This is just me.  Incredibly, irreparably sad. 

God, tell us the reason youth is wasted on the young.  It’s hunting season, and the lambs are on the run…
 
 

© Kymberlie Ingalls, July 16th 2014  *  Lyrics:  Lost Stars / Adam Levine

Wednesday, April 29, 2015

Read All About It

You’ve got the words to change a nation, but you’re biting your tongue.  If no one ever hears it, how we gonna learn your song?
I wonder if people gave Socrates such shit for his philosophies.  
Someone recently said to me he didn’t understand why anyone would want to blend, to be like everyone else. ‘Sheeple’ was the term Loren used.  I smiled as I pointed out the irony in someone beating his chest as ‘different.’  He sure was blending into the antiestablishment crowd with the trendy term.  Then I tried to explain that for those of us who stand outside of the crowd, it’s not always easy.  Not everyone wants to be the circus freak.  
Not all of us have the choice.
It’s like any other disfigurement; we either hide away from the world or we deal with it, but it’s a lonely life.  He chided me for my “pessimism,” as if it were a soap he could use to scrub his hands clean as he walked away.  He’d wanted instant intimacy – not the kind found between the sheets but the real kind that draws two minds together, because he found me “interesting.”  He couldn’t understand that I need to reach out to others because I’m so tired of the masturbation of my own mind.  
Examination of a life is what makes it worth living.  Otherwise, we walk blindly through with no regard for the days we have lived.  I refuse to leave that legacy behind me.  I love fiercely and trust slowly.  After only a brief effort at a friendship, Loren declared that “it shouldn’t be a challenge, not right from the beginning.  We just have different philosophies of life.  When I like someone, I unguard myself immediately.”  Him, Optimist.  Me, Socrates.  If I’d turned away every challenge I’d ever seen in a person, I would have missed out on some of the most obscenely wondrous experiences.  
I saw this movie today, True Story.  A man is accused of killing his family, and when asked by a reporter if he did it he replied “Sometimes you have to accept the way you look to others to protect what’s more important.  Sometimes the truth isn’t believable.  That doesn’t mean it’s not true.”  People see me as this stubborn walnut that they need to crack, thinking they’ll find something magical inside.  Walnuts are the most complex nut there is.  Look inside one sometime, see how entwined everything is.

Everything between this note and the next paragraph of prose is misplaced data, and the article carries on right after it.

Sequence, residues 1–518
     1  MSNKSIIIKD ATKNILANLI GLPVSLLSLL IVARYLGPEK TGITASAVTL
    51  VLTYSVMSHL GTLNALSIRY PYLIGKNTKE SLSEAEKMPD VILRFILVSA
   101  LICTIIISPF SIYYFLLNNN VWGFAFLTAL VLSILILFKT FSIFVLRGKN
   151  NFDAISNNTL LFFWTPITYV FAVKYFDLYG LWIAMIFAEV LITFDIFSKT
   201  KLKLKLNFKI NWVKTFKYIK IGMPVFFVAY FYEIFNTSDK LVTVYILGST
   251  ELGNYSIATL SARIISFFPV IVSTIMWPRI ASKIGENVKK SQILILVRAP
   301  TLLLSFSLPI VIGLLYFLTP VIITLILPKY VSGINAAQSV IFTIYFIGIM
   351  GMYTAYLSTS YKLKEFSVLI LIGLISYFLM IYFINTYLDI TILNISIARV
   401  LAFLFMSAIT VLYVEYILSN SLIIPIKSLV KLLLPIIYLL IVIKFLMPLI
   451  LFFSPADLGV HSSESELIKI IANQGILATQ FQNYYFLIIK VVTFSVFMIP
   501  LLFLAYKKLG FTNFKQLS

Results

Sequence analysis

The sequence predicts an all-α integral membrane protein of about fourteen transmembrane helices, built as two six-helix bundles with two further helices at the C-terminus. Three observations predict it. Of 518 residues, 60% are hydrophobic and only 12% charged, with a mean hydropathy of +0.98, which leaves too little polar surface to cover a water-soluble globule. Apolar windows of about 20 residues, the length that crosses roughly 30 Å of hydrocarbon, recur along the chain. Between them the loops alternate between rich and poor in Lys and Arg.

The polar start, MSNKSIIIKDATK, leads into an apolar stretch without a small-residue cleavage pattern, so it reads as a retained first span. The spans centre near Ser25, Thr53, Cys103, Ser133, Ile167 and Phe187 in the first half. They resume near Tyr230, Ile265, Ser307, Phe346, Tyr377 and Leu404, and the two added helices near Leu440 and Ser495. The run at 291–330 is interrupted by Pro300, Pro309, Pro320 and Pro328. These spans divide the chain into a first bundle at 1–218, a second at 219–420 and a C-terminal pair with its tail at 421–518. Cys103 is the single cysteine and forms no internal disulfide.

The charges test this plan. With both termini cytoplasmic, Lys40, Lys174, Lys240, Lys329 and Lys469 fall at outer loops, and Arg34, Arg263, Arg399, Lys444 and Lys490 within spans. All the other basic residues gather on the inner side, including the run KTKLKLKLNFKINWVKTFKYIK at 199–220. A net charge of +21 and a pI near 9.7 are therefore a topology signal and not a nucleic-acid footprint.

That’s me, the nutty philosopher.    
If Loren needs to see me as uncrackable so that he can move on, I get that.  It doesn’t change who I am at my core, but trying to find the heart of that can wear a girl out.  It’s like the reporter said in return; “I got so wrapped up in trying to tell a great story that I lost sight of my bigger obligation – the truth.”
As I sit in this restaurant with my passion-flavored iced tea, trying to write this meaning of life and eavesdropping on three elderly ladies with their happy hour martinis at the next table over, Irene stopped by to take my plate.
“How’re things?” I asked.
“Things are good!  I feel like I’m ready to take on the world”  Her smile is always bright and fruity, like sweet strawberries against her long, youthful dark hair.  It’s the brown eyes that show her irrepressible spirit. 
“How do you plan to do that?”  
“First, I’ll stop crying.”
“What is making you cry?” 
“My boyfriend and I went through a break up, and I felt like I was being so oppressed, and now I just feel liberated!  I don’t know if that’s the right way to feel or not.”
“It’s right if it’s how you feel.  And I totally get it.  I’m tackling that myself today, actually.”
“Then let’s topple the world together.”
I have thought a lot today about the friendships in my life.  Loren had said “I guess I prefer to keep my world small and simple.  A small crowd of people.”  I never really thought about how big my own universe was until I’d lost so many people in it, but as I look around and see the large crowd still standing, I see my examined life and its rewards. 
As Irene halted at my table again, she eyed my very large, frosty strawberry milkshake that had just arrived. “That looks like the perfect way to tackle the world.  Are you going to take on that whole thing?” she said with a gleam in her smile.  
“I’m going to try.” 
“Do it!  Start with that whipped cream.  And you might want to get to that cherry before it goes rolling off.”
I don’t wake up every morning with the hope for a day full of roses and bluebirds.  I prefer to wait until the sun is settling into its hills to see what the day has brought.  Sometimes it begins with a goodbye, and sometimes it ends with a sweet cherry.  Whatever the in betweens are, they are mine to write down before I forget the flavor of them. 
That is my truth.  My story.  
You’ve got a heart as loud as lions, so why let your voice be tamed?  Put it in all of the papers, they can read all about it, read all about it…
 
 
© April 29, 2015
Lyrics:  Read All About It / Emile Sande